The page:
• Employees who are needed to a dependent family member as a result of COVID-19 are not disqualified from receiving unemployment benefits as long as the individual continues to remain able and available to work for, and maintains contact with, the relevant employer.

  • Unemployment benefits related to the outbreak of COVID-19 are not charged against an employer’s experience rating. 

  • The employee’s one-week waiting period for benefits is waived.

  • Under the Maine Loan Guarantee Program, employees experiencing a reduction in income are eligible for guaranteed loans if the reduction is likely due to circumstances related to COVID-19.

  • Loans are capped at the lesser of $5,000 or the employee’s most recent monthly after-tax pay.

  • No payments on the loan are due for a 90 day grace period after disbursement.

  • No interest will be charged if the loan is repaid within 180 days after the grace period expires.

©2021 Pierce Atwood LLP. All rights reserved.National Law Review, Volume X, Number 79

About this Author

James Erwin Employment Lawyer Pierce Atwood Law Firm

Jim Erwin leads Pierce Atwood's Employment Group. He has extensive state and federal litigation experience in a wide range of substantive areas at the trial, appellate, administrative and arbitration levels. His practice involves the defense at agencies and in court of all types of employment claims, including sex, race, religious and national origin discrimination; sexual and racial harassment; disability discrimination under the ADA; FMLA; retaliation and whistleblower claims; restrictive covenant and trade secrets enforcement; wage-hour claims and class actions; defamation; and labor...

(207) 791-1237
Suzanne King, Employment Lawyer, Pierce Atwood

An experienced management-side employment lawyer, Suzanne King counsels employers on a wide range of employment practices, including: hiring, managing employee performance and discipline, terminations, reductions in force, complaints about sexual and other harassment, reasonable accommodations under the ADA, leave under the FMLA and various state laws, wage and hour practices, including employee classification issues and pay equity, and data privacy and security.  Suzanne also has extensive experience drafting a variety of employment agreements (including executive employment, non-...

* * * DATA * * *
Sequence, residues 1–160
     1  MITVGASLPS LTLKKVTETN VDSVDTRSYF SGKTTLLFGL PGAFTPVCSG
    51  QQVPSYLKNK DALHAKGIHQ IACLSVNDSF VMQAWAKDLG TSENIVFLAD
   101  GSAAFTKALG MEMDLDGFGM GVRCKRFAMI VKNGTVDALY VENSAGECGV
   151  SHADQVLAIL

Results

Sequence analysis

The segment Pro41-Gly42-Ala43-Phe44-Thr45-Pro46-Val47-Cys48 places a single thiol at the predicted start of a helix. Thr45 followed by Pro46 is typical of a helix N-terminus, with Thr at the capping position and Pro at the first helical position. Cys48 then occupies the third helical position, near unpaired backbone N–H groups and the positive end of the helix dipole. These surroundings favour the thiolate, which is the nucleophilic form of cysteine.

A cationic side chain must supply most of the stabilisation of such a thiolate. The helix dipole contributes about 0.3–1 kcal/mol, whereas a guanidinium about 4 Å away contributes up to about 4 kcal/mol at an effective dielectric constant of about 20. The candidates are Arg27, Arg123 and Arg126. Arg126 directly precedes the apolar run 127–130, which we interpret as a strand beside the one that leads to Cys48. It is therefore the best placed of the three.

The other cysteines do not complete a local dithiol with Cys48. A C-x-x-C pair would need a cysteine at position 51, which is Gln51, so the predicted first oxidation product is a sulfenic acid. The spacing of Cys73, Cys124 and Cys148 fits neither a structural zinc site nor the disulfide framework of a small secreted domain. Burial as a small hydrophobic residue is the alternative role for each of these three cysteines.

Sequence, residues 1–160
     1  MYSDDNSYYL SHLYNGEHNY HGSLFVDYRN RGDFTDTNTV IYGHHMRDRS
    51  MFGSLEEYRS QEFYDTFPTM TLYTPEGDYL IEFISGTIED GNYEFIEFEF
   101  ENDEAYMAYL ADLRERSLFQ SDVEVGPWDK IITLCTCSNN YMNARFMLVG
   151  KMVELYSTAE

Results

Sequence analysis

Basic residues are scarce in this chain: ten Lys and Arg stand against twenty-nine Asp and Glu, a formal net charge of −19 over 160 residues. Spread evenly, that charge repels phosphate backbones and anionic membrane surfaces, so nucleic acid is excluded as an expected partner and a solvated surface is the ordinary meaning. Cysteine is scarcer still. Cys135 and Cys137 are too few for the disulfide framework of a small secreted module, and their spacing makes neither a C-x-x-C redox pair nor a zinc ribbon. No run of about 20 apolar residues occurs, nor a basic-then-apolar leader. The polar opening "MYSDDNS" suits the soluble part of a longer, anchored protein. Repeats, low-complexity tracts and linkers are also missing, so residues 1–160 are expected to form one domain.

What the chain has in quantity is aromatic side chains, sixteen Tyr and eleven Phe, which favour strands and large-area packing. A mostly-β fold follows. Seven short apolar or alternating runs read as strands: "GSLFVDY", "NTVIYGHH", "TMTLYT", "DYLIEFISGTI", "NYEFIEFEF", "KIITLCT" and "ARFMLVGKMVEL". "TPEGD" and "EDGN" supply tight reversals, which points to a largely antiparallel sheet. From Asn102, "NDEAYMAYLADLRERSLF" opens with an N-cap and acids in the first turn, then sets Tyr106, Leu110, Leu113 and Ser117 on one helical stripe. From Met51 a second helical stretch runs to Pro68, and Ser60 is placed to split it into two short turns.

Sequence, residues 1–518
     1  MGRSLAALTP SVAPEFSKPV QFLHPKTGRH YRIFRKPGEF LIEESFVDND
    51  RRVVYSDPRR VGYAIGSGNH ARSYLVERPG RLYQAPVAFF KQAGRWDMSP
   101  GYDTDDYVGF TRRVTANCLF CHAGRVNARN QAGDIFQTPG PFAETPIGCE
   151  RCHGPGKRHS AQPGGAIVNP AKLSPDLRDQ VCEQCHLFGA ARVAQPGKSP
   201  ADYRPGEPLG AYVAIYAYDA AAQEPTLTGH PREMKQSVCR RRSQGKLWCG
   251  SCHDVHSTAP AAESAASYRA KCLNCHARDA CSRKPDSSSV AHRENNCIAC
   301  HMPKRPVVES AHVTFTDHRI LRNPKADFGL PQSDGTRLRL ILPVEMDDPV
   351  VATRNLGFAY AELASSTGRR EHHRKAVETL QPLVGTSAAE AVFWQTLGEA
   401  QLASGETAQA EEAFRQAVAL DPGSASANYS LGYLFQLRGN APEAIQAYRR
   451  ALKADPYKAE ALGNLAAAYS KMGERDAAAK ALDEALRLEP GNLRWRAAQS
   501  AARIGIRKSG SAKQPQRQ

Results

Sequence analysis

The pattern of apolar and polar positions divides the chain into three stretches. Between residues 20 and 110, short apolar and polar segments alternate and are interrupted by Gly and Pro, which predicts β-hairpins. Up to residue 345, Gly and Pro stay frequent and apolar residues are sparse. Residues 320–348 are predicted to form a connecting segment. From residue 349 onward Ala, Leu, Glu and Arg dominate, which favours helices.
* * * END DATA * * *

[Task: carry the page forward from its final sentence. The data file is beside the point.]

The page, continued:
(617) 488-8159
Margaret Coughlin LePage, Employment lawyer, Pierce Atwood

Clients look to Meg LePage for help on a wide range of workplace disputes and seek her counsel when looking to minimize legal risks in connection with hiring, discipline and discharge, discrimination and harassment complaints, family medical leave requests, wage payment disputes, non-competition agreements, and a wide variety of other employment issues.

Meg's clients include healthcare and educational institutions, financial services companies, insurance companies, manufacturers, social service agencies, summer youth camps, and hospitality and recreation...

(207) 791-1382
Katherine Rand, Pierce Atwood, Employment lawyer

Having worked in human resources and management in the private sector, Katy Rand brings hands-on experience to her practice.  Her client work primarily involves employment law, with a focus on discrimination, harassment, retaliation, and wage / hour issues.   Katy helps employers avoid litigation, counseling them on compliance and employee relations issues and, where appropriate, negotiating early resolution of disputes.  She also has an active litigation practice, routinely advocating on behalf of employers in state and federal court, as well as before administrative agencies such as the ...

(207) 791-1267